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  • Writer's picturePatrick Cabasset

Aydha Mehnaz, patron of the Fashion Business class of 2022

The inspirational patron of the ESMOD Fashion Business class of 2022, for

undergraduate and post-graduate students alike, tells us about her love of

fashion, her admiration of Mugler and her gratitude for her ESMOD education.

Aydha Mehnaz, Head of Celebrity and Media Relations at Mugler

Aydha Mehnaz, Head of Celebrity and Media Relations at Thierry Mugler, didn’t

waste any time after completing her 2-year master’s course at ESMOD between

2017 and 2019. Originally from Bangladesh, she had initially undertaken very serious

studies in the fields of biochemistry and biotechnology before turning her attentions

to her real childhood passions: fashion and beauty! Her thesis, which she wrote

during her internship at Mugler, focused on luxury brands and fragrances and was

entitled ‘Understanding the relationship between luxury fashion brands and

fragrances’. After a brief stint in the digital field at international press office KCD, the

elegant campaigner for ‘modest fashion’ (linked to her religion) began a new chapter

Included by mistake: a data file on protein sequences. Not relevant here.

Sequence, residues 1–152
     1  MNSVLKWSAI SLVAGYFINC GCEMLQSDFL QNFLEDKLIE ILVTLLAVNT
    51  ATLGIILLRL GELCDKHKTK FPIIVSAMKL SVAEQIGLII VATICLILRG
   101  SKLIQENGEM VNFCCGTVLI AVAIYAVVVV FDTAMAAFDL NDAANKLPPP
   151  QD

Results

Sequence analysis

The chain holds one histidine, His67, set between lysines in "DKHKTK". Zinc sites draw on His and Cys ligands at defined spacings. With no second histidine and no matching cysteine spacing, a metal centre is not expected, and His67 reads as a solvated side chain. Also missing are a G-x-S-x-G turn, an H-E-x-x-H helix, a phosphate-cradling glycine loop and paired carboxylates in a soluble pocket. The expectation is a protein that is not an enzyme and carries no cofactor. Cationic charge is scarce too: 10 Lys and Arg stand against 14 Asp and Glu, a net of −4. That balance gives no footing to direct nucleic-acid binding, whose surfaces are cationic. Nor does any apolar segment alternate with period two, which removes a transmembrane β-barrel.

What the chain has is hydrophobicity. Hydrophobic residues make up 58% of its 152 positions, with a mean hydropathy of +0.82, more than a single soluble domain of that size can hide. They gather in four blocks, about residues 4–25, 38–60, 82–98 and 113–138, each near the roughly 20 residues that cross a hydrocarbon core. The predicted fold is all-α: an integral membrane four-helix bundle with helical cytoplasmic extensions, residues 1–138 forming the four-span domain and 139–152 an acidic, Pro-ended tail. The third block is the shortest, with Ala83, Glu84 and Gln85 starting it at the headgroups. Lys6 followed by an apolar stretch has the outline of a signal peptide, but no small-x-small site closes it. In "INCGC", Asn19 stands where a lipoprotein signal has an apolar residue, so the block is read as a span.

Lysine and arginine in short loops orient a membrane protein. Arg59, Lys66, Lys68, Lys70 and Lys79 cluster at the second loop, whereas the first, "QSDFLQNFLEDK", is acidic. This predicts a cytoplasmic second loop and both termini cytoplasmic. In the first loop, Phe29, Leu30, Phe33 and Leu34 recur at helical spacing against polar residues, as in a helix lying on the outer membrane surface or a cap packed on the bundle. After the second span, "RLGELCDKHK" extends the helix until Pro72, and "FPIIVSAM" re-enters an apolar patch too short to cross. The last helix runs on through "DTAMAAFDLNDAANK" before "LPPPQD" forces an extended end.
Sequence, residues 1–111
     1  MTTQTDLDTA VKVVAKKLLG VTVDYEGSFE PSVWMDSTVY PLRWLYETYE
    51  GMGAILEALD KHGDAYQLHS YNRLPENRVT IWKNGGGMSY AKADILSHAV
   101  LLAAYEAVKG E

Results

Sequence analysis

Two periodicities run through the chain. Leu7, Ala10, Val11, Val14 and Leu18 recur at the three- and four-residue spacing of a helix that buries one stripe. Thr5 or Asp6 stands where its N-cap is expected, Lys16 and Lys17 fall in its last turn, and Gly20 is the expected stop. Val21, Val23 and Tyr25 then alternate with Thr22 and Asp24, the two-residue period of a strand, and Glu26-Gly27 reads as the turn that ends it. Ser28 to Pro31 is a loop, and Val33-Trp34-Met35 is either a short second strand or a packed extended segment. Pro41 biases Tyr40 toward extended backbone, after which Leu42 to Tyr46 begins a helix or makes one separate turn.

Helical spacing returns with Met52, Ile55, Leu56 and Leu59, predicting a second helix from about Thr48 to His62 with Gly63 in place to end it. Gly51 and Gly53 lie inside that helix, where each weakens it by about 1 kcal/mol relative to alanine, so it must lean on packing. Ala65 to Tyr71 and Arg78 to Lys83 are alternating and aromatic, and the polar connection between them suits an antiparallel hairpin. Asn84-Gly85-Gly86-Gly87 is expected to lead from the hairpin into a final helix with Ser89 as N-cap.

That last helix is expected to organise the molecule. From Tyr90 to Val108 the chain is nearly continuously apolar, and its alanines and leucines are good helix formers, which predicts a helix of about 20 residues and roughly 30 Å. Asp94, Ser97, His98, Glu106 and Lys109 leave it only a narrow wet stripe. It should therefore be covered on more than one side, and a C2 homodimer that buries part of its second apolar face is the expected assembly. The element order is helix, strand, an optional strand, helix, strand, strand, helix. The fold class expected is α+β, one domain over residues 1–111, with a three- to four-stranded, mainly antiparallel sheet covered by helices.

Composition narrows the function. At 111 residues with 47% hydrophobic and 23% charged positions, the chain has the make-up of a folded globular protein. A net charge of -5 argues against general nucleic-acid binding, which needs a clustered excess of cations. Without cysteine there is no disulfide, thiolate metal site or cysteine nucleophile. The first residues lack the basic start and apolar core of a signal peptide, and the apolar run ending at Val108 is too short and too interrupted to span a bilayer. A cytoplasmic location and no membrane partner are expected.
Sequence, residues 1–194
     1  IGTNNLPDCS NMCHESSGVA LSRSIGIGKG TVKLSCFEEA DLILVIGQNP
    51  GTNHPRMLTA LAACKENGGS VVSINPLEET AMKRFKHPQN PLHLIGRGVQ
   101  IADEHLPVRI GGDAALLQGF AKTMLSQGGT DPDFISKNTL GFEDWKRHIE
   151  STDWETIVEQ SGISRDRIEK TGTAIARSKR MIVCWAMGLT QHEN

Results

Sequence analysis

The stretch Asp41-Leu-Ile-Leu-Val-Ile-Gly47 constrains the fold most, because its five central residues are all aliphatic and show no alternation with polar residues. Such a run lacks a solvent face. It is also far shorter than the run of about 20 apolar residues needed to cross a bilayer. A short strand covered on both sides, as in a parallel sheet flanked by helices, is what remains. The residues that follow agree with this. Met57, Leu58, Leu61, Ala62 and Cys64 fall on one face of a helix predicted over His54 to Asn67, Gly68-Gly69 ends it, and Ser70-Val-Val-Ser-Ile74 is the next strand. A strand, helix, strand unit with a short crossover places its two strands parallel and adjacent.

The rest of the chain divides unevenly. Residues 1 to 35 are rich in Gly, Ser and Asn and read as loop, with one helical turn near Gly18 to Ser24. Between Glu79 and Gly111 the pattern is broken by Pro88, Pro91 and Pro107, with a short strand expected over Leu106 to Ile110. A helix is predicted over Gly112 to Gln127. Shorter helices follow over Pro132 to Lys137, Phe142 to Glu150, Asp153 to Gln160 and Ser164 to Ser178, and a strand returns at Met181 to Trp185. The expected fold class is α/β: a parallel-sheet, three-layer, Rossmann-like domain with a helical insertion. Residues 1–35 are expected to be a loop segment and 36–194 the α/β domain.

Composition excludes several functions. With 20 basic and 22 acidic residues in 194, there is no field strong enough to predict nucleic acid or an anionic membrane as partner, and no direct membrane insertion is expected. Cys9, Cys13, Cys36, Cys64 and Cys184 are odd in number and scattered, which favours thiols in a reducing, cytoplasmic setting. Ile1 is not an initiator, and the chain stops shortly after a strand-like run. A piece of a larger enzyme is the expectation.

when she returned to L’Oréal in 2020, again working for luxury brand Mugler, where

she now combines her loves of fashion and fragrance.

As patron of the ESMOD Fashion Business class of 2022, this past student embodies

all the charm of a young person with a rapidly advancing career.


Planet ESMOD: Reading your LinkedIn profile, it seems you went from

biochemistry and biotech to fashion in the blink of an eye. How did it actually

come about?

Aydha Mehnaz: Fashion has always been important to me. As a child, I grew up

watching Fashion TV and would try to imitate the top models I saw on the catwalk in

my little bedroom. I also had a very early fascination with matching sets, and colour

schemes in particular, so if I was wearing pink, everything I wore had to be pink, from

head to toe. Especially for traditional holidays like Eid. At one point I would change

my outfit five times a day! (laughs). It wore my mother out, of course, but my aunts

loved it and were constantly taking photos of me. Those are my happiest childhood